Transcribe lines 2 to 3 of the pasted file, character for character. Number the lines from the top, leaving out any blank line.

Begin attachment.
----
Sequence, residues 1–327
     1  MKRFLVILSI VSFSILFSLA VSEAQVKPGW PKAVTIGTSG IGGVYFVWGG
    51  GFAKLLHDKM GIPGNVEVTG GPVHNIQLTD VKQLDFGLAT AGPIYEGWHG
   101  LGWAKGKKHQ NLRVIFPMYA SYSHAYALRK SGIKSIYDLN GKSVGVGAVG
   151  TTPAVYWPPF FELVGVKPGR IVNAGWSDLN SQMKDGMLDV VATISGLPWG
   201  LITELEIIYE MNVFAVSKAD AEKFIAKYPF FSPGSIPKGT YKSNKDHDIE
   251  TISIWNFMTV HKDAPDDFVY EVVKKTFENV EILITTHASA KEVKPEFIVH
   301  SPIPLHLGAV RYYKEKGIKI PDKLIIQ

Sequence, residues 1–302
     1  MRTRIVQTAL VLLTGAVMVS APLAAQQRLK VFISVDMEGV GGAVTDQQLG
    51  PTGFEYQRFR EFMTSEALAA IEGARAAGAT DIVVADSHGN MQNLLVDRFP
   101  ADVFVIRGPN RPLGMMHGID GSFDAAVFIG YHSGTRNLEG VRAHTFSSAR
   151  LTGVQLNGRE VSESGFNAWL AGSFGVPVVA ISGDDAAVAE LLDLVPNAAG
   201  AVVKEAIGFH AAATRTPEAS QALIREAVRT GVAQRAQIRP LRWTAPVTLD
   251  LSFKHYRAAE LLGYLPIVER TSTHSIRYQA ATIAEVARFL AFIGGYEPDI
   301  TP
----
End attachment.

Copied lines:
     1  MKRFLVILSI VSFSILFSLA VSEAQVKPGW PKAVTIGTSG IGGVYFVWGG
    51  GFAKLLHDKM GIPGNVEVTG GPVHNIQLTD VKQLDFGLAT AGPIYEGWHG